John Schuhmann, NBA.com They’ve improved defensively and rank in the top 10 on that end of the floor, which is where they need to be. But yeah, that top-10 defense obviously didn’t hold up against the league’s best offense (Golden State), and their offense struggled against the league’s best defense (San Antonio). The Cavs could probably win the East in their sleep, but the Warriors and Spurs are playing like two of the best teams of all-time. The Cavs could wait to flip the switch in the postseason, but now would be a good time to play with some urgency, not let bad teams hang around through three quarters, and see if they can’t match the Spurs’ and Warriors’ point differential for a few weeks.

Sekou Smith, NBA.com: They strike me as a team that is well aware that they are ill-equipped to handle either the Spurs or Warriors in a seven-game series right now. That narrative about a healthy Cavaliers team surely being able to finish what they started in The Finals against the Warriors seems a bit hollow to me now. Kyrie Irving and Kevin Love would have made a huge difference, but I don’t know that they would have been the difference between winning and losing. And the Spurs and Warriors have taken it up a few notches since last season while the Cavaliers clearly have not. I think it’s a good thing, actually, because now the Cavaliers can assess exactly what they are and make whatever adjustments, tweaks and or trades necessary.

Ian Thomsen, NBA.com: Let’s acknowledge that they’ve been without Kyrie Irving and Iman Shumpert for most of this season. But let’s also not dismiss the impression that they entered this year behaving as if they were de facto champs – as if convinced they would have won the NBA Finals if not for their injuries. If so, then they are learning is that it’s going to require more than talent and depth and potential. Instead of seeing them express the arrogance and indiscipline that led to their blowout loss to the real champions, maybe we’ll see the Cavs approach the second half of the year with humility – which is their only hope.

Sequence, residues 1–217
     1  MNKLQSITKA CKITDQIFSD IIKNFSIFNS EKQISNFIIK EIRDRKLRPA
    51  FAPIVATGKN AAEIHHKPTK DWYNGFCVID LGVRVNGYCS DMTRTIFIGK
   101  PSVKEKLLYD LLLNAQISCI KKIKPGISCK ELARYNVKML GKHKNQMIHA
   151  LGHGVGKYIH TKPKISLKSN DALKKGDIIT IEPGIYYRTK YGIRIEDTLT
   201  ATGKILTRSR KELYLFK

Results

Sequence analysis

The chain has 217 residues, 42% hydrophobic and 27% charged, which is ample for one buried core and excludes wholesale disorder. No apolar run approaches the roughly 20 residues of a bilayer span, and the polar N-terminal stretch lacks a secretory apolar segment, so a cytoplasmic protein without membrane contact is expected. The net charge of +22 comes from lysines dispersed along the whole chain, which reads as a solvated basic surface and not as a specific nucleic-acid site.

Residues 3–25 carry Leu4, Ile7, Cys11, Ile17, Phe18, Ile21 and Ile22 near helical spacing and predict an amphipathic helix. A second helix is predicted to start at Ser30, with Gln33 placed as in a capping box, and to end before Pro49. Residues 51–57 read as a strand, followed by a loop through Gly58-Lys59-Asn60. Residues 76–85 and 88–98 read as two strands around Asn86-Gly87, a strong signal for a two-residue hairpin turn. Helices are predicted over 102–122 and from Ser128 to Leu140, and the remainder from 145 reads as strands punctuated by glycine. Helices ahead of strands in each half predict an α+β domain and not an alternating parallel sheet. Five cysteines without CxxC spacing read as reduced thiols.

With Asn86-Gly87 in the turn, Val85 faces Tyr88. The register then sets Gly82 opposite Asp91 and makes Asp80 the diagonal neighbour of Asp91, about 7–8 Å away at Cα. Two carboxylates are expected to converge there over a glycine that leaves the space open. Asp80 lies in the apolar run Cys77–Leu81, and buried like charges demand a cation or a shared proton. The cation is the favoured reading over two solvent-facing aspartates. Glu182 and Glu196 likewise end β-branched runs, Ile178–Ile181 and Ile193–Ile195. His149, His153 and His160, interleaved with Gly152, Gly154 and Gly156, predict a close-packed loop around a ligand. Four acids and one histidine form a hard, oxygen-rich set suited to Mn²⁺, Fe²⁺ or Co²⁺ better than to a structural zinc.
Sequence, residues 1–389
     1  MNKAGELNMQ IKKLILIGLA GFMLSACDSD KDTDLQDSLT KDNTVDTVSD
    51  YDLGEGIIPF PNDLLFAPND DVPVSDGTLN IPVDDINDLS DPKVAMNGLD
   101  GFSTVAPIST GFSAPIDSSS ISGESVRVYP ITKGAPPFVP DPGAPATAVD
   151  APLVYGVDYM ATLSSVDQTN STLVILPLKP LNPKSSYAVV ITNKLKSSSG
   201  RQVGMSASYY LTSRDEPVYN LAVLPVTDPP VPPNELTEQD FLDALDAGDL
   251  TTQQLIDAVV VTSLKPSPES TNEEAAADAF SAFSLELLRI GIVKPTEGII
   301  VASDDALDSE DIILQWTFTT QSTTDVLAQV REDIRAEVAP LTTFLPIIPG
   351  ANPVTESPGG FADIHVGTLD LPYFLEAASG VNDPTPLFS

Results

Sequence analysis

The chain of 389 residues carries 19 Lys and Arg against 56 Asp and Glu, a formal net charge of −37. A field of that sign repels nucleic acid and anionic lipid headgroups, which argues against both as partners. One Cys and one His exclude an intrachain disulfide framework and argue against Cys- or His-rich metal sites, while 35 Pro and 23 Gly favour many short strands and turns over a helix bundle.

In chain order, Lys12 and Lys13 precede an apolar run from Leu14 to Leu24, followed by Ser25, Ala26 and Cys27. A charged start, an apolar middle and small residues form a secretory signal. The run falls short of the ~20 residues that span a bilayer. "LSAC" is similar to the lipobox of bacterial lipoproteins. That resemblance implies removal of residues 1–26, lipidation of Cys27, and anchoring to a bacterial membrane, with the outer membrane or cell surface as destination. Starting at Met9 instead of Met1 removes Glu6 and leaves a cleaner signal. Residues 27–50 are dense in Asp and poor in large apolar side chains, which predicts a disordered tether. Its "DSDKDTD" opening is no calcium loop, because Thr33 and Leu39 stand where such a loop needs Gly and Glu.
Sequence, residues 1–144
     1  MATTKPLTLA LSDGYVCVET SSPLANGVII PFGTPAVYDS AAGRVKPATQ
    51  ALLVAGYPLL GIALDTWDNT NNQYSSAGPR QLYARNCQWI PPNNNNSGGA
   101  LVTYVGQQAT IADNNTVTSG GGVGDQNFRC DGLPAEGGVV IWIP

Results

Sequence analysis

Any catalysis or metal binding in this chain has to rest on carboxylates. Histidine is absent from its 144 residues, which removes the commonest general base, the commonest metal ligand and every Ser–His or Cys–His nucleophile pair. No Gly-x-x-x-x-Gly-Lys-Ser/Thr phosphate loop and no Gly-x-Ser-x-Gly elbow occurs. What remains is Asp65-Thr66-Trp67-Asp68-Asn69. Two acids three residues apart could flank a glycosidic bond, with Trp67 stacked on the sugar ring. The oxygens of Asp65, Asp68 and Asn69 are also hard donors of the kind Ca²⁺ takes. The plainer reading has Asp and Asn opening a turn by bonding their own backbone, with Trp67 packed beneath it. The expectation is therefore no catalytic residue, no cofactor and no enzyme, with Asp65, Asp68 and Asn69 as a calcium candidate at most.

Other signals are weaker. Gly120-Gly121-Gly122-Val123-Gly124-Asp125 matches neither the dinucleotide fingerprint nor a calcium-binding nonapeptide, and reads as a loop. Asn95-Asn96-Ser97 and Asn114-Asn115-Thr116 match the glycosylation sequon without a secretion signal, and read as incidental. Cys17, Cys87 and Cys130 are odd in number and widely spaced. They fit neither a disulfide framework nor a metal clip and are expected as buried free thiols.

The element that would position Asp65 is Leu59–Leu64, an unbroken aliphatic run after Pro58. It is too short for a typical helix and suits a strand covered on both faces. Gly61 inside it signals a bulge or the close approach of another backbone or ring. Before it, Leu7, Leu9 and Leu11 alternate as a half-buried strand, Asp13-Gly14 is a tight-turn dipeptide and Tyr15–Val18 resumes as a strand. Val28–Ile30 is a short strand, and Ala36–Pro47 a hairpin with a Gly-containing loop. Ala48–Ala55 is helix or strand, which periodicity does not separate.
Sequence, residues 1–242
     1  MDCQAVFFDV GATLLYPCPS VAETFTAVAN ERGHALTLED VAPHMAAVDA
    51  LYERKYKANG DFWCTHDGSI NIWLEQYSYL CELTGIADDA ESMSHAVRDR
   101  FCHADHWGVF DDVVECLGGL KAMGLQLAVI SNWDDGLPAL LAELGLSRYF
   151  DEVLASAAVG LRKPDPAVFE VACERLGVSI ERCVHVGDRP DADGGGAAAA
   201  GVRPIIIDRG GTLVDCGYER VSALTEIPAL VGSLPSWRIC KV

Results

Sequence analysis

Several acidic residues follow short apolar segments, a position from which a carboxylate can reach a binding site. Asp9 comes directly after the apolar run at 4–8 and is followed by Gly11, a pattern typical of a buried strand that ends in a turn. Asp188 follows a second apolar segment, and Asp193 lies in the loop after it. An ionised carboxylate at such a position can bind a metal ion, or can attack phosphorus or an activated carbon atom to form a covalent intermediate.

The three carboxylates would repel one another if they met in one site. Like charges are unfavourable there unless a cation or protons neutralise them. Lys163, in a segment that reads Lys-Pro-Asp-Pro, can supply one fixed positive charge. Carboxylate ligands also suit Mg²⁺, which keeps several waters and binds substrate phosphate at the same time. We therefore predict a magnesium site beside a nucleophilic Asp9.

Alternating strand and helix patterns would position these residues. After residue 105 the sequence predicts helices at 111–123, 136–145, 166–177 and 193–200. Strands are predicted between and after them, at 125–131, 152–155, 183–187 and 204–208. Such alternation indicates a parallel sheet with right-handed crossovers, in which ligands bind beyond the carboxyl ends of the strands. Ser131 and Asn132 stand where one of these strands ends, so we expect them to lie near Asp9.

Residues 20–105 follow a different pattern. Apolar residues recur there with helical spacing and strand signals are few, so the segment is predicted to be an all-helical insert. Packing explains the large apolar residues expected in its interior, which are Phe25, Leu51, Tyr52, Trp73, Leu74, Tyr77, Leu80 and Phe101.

Lang Whitaker, NBA.com’s All Ball blog: I’m not sure what to make of them. Sure, they’re 28-11 and own the best record in the Eastern Conference. But LeBron’s wavering 3-point shooting numbers are at least mildly troubling to me, and while I know one game out of 82 can be viewed as an aberration, getting blown out at home by the Warriors is not ideal. I know the Cavs went all-in financially on this group of players, but I think they could still use an athletic 2/3 type who can hit 3-pointers and play defense. Things aren’t perfect right now, and the good news is that right now, they don’t have to be perfect. The question is whether things will get right by the time the playoffs roll around.

9 Comments

  1. HJ Glover says:

    Arrgghhh!!!
    It’s unimaginable how irritating this is: 12 secs of a 1:49 video replay, then nothing …a blank white screen!!! Nothing!!!!

    When are you going to fix a problem that is over 3 yrs old??!!!

    Anyway, I’m done. Gotta go to ESPN or CBS Sports and YouTube. Their video works, no problems.

    –HJ Glover